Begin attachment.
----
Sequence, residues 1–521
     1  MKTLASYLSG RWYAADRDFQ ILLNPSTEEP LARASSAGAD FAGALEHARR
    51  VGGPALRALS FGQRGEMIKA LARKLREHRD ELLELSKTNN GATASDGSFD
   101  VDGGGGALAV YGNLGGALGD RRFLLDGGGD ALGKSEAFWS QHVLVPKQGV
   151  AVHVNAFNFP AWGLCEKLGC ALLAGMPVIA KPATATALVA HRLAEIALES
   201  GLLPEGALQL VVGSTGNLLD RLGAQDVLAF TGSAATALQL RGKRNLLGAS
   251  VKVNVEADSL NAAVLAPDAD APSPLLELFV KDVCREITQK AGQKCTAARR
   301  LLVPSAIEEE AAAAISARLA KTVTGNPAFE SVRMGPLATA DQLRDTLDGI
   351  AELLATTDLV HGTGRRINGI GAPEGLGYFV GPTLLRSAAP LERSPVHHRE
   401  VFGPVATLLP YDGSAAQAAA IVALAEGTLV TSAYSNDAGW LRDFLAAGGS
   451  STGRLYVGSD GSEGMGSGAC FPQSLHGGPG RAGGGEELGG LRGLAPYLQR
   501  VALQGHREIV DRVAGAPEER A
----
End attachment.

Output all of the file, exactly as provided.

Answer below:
Sequence, residues 1–521
     1  MKTLASYLSG RWYAADRDFQ ILLNPSTEEP LARASSAGAD FAGALEHARR
    51  VGGPALRALS FGQRGEMIKA LARKLREHRD ELLELSKTNN GATASDGSFD
   101  VDGGGGALAV YGNLGGALGD RRFLLDGGGD ALGKSEAFWS QHVLVPKQGV
   151  AVHVNAFNFP AWGLCEKLGC ALLAGMPVIA KPATATALVA HRLAEIALES
   201  GLLPEGALQL VVGSTGNLLD RLGAQDVLAF TGSAATALQL RGKRNLLGAS
   251  VKVNVEADSL NAAVLAPDAD APSPLLELFV KDVCREITQK AGQKCTAARR
   301  LLVPSAIEEE AAAAISARLA KTVTGNPAFE SVRMGPLATA DQLRDTLDGI
   351  AELLATTDLV HGTGRRINGI GAPEGLGYFV GPTLLRSAAP LERSPVHHRE
   401  VFGPVATLLP YDGSAAQAAA IVALAEGTLV TSAYSNDAGW LRDFLAAGGS
   451  STGRLYVGSD GSEGMGSGAC FPQSLHGGPG RAGGGEELGG LRGLAPYLQR
   501  VALQGHREIV DRVAGAPEER A